Galaxy Pages (Figure 4) are the principal means for communicating accessible, reproducible, and transparent computational research through Galaxy. Pages are custom web-based documents that enable users to communicate about an entire computational experiment, and Pages represent a step towards the next generation of online publication or publication supplement. A Page, like a publication or supplement, includes a mix of text and graphs describing the experiment’s analyses.In addition to standard content, a Page also includes embedded Galaxy items from the experiment: datasets, histories, and workflows. These embedded items provide an added layer of interactivity, providing additional details and links to use the items as well.

I tried out the pages (click “user” at the top right of the page, then click “pages” to access pages). I like the ability to basically write what is a methods and materials for computational biology. You can describe what you did, embed histories, datasets and the like. Unfortunately, at the time of this writing I was able to build a page, but unable to view it (server error, I used latest versions Safari and Firefox in Mac 10.5). I am sure this is a temporary glitch.

Galaxy has making huge progress in the last couple years and looks poised to become a go-to tool for computational analysis for experimental biologists. In that vein, you might want to check out their introductory tutorial or screencasts to get acquainted with the tool!

*disclaimer: The Galaxy group contracts with OpenHelix to provide an introductory tutorial on Galaxy (free and open to all users).

Goecks, J., Nekrutenko, A., Taylor, J., & Galaxy Team, T. (2010). Galaxy: a comprehensive approach for supporting accessible, reproducible, and transparent computational research in the life sciences Genome Biology, 11 (8) DOI: 10.1186/gb-2010-11-8-r86

Galaxy http://www.galaxyproject.org

Friday SNPpets

Welcome to our Friday feature link dump: SNPpets. During the week we come across a lot of links and reads that we think are interesting, but don’t make it to a blog post. Here they are for your enjoyment…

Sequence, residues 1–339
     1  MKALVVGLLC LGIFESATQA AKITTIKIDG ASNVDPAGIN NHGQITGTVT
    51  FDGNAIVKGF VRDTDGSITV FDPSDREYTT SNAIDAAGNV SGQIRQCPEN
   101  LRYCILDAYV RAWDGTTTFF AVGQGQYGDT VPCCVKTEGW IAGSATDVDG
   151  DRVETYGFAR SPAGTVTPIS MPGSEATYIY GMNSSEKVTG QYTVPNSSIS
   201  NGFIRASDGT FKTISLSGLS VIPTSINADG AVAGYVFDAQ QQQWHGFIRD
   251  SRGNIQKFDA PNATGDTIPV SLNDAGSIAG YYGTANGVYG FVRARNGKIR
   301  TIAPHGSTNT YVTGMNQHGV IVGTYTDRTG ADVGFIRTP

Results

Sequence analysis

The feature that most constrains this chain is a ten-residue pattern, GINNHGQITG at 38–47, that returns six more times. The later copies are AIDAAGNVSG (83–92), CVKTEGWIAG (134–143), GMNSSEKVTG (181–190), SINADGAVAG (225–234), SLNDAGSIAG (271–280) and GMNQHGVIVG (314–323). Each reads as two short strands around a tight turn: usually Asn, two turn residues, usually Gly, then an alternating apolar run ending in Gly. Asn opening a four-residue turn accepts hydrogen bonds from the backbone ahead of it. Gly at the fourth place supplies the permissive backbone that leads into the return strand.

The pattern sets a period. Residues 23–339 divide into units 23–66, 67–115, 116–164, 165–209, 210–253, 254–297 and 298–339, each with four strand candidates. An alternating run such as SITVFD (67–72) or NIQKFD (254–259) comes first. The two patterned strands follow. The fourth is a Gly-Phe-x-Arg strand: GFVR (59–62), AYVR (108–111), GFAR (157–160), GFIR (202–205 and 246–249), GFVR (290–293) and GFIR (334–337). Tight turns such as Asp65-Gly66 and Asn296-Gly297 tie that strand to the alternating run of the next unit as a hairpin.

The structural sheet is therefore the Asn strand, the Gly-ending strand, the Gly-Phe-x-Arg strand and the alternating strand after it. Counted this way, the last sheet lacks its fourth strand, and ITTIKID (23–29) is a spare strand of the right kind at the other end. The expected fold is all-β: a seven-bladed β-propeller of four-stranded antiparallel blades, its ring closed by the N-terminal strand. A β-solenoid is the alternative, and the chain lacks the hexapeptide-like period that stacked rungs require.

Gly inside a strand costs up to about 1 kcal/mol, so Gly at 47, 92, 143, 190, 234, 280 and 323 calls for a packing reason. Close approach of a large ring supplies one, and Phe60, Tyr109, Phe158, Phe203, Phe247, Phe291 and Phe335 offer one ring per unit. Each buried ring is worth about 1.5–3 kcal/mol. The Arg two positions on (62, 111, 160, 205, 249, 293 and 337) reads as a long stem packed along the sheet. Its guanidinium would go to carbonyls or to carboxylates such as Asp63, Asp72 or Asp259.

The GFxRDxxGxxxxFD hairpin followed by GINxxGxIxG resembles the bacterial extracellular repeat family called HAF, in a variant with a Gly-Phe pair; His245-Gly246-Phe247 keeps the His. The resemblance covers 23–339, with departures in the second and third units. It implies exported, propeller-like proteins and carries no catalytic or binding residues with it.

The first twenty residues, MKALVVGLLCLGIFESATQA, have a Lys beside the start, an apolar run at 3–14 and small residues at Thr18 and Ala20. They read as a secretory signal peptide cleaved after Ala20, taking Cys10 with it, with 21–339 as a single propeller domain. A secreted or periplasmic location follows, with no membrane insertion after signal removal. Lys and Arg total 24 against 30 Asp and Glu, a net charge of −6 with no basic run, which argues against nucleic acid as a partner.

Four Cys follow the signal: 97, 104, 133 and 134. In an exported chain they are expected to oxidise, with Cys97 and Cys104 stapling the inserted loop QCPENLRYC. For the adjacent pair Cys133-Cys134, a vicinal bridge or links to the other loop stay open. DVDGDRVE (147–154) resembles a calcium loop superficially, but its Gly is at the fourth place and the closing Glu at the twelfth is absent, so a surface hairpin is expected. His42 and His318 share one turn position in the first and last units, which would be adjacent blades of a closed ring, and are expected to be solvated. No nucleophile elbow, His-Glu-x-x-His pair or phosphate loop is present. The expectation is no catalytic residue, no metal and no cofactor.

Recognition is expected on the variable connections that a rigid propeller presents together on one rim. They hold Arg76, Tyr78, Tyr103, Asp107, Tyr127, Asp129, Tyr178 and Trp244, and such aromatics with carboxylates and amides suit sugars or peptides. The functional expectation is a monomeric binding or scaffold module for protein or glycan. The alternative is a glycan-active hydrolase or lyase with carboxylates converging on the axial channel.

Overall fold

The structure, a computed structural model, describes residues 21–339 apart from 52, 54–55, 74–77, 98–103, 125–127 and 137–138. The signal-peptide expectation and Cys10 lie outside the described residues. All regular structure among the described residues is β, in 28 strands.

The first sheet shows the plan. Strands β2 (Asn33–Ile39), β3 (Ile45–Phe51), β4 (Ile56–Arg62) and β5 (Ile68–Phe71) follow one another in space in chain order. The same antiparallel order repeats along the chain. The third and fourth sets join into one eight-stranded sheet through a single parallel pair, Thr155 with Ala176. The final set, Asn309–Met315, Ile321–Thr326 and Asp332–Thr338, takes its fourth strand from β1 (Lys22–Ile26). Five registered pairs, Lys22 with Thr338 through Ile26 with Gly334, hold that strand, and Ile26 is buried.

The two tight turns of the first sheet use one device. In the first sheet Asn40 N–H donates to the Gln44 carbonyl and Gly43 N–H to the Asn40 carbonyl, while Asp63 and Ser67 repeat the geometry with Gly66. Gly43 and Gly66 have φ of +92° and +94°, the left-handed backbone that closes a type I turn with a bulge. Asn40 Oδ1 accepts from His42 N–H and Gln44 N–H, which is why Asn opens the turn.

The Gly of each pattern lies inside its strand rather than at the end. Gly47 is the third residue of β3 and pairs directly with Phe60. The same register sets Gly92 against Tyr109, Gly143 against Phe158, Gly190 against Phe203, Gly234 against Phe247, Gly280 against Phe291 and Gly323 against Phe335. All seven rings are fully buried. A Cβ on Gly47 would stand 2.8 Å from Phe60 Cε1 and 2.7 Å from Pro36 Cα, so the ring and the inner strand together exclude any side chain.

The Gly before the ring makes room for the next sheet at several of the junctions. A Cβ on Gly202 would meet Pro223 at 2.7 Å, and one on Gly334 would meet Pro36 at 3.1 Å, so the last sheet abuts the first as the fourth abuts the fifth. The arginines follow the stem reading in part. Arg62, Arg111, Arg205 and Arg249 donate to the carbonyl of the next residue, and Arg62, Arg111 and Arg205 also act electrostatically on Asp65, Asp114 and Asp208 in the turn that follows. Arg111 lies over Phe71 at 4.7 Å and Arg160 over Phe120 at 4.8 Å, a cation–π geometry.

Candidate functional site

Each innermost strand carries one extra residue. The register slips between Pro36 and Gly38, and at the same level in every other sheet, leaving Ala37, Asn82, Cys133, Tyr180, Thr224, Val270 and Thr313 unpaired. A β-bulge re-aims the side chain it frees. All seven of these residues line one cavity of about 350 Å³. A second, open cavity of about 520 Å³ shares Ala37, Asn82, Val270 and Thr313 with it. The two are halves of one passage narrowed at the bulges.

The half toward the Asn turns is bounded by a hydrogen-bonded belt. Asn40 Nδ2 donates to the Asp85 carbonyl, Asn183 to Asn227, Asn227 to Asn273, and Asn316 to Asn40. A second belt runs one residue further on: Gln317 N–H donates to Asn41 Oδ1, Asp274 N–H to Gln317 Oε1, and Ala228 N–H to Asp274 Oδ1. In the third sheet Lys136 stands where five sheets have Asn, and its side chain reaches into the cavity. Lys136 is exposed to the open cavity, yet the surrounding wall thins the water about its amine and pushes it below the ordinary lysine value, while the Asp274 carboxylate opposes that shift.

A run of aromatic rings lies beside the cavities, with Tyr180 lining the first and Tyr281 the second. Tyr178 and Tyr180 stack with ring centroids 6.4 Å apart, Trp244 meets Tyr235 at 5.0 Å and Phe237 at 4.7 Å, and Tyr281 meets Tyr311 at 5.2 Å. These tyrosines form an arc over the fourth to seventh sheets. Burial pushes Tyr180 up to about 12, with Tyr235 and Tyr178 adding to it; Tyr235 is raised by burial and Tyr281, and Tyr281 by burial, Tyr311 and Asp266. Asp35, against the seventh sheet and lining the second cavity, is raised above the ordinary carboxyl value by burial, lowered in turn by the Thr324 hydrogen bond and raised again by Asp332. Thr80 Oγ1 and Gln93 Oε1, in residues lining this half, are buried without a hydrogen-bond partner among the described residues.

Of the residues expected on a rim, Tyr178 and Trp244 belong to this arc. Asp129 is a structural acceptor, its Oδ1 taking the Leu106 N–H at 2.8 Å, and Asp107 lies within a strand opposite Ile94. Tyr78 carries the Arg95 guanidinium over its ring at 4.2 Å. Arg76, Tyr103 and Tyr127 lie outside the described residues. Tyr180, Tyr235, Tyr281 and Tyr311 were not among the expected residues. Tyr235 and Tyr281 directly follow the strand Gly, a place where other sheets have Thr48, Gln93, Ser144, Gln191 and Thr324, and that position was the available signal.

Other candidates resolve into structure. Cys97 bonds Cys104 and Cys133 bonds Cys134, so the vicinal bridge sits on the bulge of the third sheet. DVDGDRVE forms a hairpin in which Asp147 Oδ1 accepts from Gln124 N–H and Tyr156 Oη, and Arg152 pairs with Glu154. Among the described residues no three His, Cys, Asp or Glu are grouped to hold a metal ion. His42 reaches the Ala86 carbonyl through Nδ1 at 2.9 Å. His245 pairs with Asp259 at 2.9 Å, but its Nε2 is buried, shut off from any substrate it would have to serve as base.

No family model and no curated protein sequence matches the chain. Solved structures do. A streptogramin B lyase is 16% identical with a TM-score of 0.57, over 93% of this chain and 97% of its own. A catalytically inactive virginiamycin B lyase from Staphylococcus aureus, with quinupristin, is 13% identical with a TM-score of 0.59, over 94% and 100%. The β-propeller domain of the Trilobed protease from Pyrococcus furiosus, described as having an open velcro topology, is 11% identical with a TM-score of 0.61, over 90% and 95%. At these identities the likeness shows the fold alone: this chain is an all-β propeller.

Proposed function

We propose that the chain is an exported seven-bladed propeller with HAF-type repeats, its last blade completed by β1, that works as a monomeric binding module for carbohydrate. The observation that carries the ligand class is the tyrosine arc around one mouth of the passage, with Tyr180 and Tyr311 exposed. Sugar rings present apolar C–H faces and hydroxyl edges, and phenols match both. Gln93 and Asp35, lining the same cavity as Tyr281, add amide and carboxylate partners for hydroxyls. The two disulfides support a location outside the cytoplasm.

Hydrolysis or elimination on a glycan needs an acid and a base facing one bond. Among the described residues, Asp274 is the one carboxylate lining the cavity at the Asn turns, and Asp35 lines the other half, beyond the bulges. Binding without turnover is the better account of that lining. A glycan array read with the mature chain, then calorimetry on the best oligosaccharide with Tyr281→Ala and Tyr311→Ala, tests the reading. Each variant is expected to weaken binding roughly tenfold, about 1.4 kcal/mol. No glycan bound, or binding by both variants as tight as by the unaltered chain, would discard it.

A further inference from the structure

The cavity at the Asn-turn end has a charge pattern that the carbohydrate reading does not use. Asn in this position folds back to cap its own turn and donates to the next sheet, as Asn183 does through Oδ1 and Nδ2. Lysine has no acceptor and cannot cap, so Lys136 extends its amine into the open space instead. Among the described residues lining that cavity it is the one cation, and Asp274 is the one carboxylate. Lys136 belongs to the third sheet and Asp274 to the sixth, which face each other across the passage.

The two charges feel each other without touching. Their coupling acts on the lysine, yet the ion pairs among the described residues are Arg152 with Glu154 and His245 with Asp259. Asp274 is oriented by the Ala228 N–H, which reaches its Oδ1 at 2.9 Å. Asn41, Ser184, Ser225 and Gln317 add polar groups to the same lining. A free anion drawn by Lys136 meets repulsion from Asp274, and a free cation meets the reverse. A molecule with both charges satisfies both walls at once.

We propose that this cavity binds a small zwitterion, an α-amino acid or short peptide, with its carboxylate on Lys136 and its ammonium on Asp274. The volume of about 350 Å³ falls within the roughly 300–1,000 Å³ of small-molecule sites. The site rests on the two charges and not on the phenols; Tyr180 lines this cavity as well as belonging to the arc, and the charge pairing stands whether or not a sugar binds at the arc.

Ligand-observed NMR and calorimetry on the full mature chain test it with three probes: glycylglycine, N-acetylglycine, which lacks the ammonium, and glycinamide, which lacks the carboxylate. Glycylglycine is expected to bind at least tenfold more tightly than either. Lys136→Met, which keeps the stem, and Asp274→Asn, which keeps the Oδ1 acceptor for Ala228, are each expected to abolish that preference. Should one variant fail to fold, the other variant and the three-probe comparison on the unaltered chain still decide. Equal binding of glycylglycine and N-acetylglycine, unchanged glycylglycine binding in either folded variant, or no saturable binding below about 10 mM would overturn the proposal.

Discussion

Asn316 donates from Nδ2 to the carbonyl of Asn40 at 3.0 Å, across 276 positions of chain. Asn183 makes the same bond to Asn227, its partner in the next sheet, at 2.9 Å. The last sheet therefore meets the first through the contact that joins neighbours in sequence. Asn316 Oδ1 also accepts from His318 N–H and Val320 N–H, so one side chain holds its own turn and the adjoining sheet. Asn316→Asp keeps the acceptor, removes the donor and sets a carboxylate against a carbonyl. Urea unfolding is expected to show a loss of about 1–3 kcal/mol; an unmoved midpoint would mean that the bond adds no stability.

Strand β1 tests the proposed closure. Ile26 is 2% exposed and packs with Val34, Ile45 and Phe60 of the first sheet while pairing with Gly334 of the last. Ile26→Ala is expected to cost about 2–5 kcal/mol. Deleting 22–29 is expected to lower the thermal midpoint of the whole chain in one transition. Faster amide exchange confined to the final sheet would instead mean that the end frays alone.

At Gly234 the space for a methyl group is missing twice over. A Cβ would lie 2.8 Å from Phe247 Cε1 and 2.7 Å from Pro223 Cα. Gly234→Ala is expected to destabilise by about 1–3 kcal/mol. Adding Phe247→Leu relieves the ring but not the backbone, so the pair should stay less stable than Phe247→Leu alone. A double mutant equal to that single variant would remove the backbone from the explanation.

Tip of the Week: GeneMANIA for Fast Gene Function Predictions

I am happily the lucky scientist here at OpenHelix who has been selected to create a full tutorial on a network resource named GeneMANIA, but I just couldn’t wait to share some of the details about this resource’s great features. GeneMANIA stands for Multiple Association Network Integration Algorithm. Users can either input a single gene and see interaction networks associated with the gene, or (more powerfully) to enter a list of related genes and use GeneMANIA’s ‘state-of-the-art analysis algorithm’ to quickly and easily find additional related genes.

GeneMANIA allows a  scientist with no prior training in computational bioinformatics to easily use their gene list of interest to search a customized list of published functional genomics publications, as well as a wide variety of public databases, and receive the results of their analysis in an easy to interpret PDF report. Users can even upload their own important datasets and affect how the algorithm scores each gene and dataset. I  cannot cover all this functionality in this short tip – you’ll have to see our tutorial for that – but here I will show you how to do a basic search and some of the display features of GeneMANIA.

GeneMANIA stands for Multiple Association Network Integration Algorithm. For more information about it, please see this 2008 GeneMANIA publication, or the GeneMANIA documentation.

OH Launches Genomics Search and Learn Portal

OpenHelix today announced the launch of the new www.openhelix.com web site, a first-of-its kind portal that assists researchers in conducting breakthrough research.  The portal directs scientists to the most relevant publicly available bioinformatics and genomics resources on the web, and then gives them immediate access to tutorials, training materials, and useful tips and information developed by OpenHelix.

“There are now thousands of databases and analysis tools for the researcher to use when doing biological research,” said Scott Lathe, CEO of OpenHelix, “The first problem researchers have is just finding the most relevant tool.  There are catalogs of resources on the web, but they are cumbersome to use and using a keyword search on them more often than not delivers irrelevant results. The OpenHelix portal solves this problem”

The OpenHelix portal searches a highly relevant, curated database of genomics and biological resources, OpenHelix tutorials and training materials, and tips and information on the resources on the OpenHelix blog.  The portal delivers a list of relevant resources for the user using a proprietary relevancy system developed by OpenHelix scientists. Once a user finds the most relevant resources in the results, they can immediately go to training on the resource.